I think it is safe to say that the ferocity and sonic viciousness of metallic hardcore protagonists Ringworm has not abated or diminished over their twenty plus years brawling with the senses. The indisputable evidence comes with new album Hammer Of The Witch, a towering and vindictive slab of destructive raging and antagonistic creativity. Packed to the brim with thirteen vitriol spewing tracks that just as venomously unleash a range of uncompromising riffs and addictive grooves, the album is a commanding onslaught of spite and animosity, simply unadulterated hardcore excellence.
Formed in 1991, it is fair to say that Ringworm has left an indelible mark with their fusion of metal and hardcore, debut album The Promise in 1993 setting the Cleveland band as a sizeable proposition before a hiatus of sorts was ended by the unleashing of the critically acclaimed Birth Is Pain on Victory Records in 2001. Subsequent albums like Justice Replaced By Revenge four years later and the following The Venomous Grand Design of 2007 reinforced and strengthened their grip on passions and scene. Scars three years ago continued the stretching of the band’s creativity and power, the same pleasing accusation you can throw at Hammer Of The Witch, the band’s debut on Relapse Records. Recorded with Ben Schigel (Chimaira, Walls of Jericho) producing, the album is a merciless tempest chewing up and spitting out everything from ears to emotions.
Opener Dawn of Decay emerges from a cinematic intimidation, a sense of epic danger spawning a weave of carnivorous basslines, rapacious riffing, and combative rhythms, all honed into a prowling entity which sizes up its victim before exploding into fire of musical causticity and vocal threat, the tones of frontman Human Furnace as always living up to his moniker. The song stalks the senses from start to finish, the guitars of Matt Sorg and John Comprix abrasively ravishing air and ears whilst drummer Danny Zink gives them a further mighty battering.
The excellent start is potently backed up by the corrosive wrath of Bleed and the nastily venomous Leave Your Skin at the Door, both individual tirades of inventive riffery and precisely sculpted contagious grooves courted by the deliciously dark hearted tones spawned from the bass of Ed Stephens, his opening of the second of these songs a mouthwatering provocation. Each track is also marked by keen sonic endeavour from the guitars; theirs an acidic play within the riot which even in brief colours raises the potency of the anger.
The toxic Exit Life rails against ears next, its narrative and approach singular in venom and hatred but fully magnetic, before Psychic Vampire belts and engages the senses with rhythmic violence and a deceptively seductive groove which winds around and recruits the passions. The track is a maelstrom of vehemence, lyrically and sonically, and rich infectiousness. It is an intrusive antagonist that is hard to have enough of, the same that can also be said of King of Blood, another unbridled onslaught which savages and ignites the emotions with dramatic grooves, temper driven riffs, and bitter rhythms. The track in many ways is similar to its predecessor, the one trait you could lay against the album with a regularly familiarity across some songs, though it does not reduce the pleasure and power of the release one iota.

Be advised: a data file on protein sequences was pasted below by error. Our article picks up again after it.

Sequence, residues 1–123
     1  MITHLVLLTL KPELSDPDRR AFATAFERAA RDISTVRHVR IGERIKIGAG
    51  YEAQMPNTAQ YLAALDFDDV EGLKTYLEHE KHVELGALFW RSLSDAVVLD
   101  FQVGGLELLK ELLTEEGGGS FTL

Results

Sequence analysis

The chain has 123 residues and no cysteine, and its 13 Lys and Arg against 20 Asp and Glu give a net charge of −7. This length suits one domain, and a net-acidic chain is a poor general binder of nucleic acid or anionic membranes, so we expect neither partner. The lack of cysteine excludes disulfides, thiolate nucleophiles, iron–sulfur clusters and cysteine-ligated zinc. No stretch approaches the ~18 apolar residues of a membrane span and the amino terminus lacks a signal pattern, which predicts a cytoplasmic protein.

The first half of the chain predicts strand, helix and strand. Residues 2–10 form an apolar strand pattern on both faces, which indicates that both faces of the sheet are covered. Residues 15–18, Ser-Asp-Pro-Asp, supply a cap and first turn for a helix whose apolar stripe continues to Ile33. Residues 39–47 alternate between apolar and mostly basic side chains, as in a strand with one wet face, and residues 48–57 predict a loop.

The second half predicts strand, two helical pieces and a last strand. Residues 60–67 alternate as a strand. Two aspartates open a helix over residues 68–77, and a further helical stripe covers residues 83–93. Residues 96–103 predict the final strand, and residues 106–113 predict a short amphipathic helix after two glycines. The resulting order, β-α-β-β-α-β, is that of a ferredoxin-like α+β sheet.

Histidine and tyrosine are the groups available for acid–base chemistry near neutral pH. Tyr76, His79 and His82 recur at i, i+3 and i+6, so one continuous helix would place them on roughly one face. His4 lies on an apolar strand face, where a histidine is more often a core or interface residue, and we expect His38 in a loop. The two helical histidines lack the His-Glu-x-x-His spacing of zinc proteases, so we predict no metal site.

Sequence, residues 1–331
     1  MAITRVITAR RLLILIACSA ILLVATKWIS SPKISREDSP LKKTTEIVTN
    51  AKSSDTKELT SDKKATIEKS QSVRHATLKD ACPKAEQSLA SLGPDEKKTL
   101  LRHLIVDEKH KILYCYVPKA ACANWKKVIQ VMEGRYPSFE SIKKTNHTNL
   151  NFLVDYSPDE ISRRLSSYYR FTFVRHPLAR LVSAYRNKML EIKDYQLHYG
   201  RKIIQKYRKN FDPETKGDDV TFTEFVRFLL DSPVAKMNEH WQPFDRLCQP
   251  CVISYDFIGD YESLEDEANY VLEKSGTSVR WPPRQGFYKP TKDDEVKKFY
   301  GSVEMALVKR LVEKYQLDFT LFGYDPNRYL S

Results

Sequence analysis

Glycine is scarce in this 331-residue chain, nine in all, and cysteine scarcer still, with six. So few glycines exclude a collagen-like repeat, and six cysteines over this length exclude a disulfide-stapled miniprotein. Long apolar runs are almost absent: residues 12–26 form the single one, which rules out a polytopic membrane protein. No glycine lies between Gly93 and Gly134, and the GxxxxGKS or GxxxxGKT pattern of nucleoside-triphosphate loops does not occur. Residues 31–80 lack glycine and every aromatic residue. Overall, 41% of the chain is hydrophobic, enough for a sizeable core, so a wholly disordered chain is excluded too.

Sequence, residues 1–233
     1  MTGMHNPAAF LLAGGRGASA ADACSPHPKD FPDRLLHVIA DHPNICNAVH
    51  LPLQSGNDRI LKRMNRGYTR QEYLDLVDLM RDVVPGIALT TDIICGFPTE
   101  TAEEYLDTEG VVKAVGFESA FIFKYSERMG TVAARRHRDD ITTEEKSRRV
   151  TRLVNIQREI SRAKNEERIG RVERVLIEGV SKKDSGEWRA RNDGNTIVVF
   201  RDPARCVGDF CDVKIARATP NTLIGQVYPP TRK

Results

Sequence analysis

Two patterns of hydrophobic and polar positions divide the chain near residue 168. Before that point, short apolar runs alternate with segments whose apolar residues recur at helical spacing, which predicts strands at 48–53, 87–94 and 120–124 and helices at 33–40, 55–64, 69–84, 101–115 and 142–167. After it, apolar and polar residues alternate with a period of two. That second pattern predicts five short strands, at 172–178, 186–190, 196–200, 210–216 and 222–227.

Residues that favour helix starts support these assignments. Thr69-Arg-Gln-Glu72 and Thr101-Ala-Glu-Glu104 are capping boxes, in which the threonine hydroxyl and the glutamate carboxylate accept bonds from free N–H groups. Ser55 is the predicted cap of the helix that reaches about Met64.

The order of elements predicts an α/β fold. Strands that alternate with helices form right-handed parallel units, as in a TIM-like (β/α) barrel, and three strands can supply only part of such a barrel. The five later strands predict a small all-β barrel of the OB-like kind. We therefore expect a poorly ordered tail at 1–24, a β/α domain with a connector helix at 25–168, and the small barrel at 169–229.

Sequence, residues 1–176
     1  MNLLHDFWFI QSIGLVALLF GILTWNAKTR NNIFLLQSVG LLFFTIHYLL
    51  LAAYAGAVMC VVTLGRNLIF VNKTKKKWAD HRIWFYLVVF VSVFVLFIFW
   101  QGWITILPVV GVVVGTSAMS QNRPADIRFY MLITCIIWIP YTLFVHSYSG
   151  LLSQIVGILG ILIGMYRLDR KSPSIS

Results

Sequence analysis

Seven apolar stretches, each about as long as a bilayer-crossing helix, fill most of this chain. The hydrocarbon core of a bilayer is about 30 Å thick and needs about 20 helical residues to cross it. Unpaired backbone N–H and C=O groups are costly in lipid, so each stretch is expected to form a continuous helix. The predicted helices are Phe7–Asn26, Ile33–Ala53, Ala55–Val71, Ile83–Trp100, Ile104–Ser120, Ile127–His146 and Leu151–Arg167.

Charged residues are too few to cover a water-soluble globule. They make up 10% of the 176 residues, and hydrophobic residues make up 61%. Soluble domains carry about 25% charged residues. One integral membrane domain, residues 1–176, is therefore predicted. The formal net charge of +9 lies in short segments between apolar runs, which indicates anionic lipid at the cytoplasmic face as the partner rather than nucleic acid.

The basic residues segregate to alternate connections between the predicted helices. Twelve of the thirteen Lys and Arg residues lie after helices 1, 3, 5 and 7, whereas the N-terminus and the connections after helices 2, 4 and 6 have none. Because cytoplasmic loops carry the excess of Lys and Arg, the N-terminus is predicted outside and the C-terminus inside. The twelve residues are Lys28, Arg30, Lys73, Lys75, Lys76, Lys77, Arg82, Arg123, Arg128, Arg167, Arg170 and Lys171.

Through tracks like the torrentially consumptive I Recommend Amputation and the predatory We’ll Always Have the End as well as the raging causticity of One Of Us Is Going to Have to Die…, band and album abrases and sears with compelling efficiency and enterprise even if each lacks some of the spark of previous songs, though amongst them the title track takes its victims on a hellacious ride of physical and mental ferocity which simply ignites the passions, it’s almost demonic poisons irresistibly and dramatically enthralling.
The final trio of tracks starting with the flesh and synapse scorching Vicious Circle of Life lift the album back to its opening plateau, the fearsome slice of tempestuous hostility scarred with great guitar acid soon thrown under the shadow of the brilliant Die Like a Pig. The bass of Stephens digs deep for its strongest guttural growl whilst HF soaks every syllable and rage spewing sound with bile spawned malevolence and passion to match the creative rabidity of its partners of dispute.
The album closes with slab of prime hardcore/punk jaundice in the riveting shape of Height of Revelation. The uncivil and rigorously inciting melee of sonic and rhythmic rancor is a thunderous and thoroughly incendiary last triumph for passions and album. Hammer of the Witch is a breath stealing, bone splintering furnace of acrimony and virulent contagion. It is masterful and thrilling assault on the ear which if not the pinnacle of Ringworm’s career is certainly right up there. Hardcore has never sounded better in the hands of the ‘veterans’, and they show no signs of losing their devastating anger and invention either…Happy Days!
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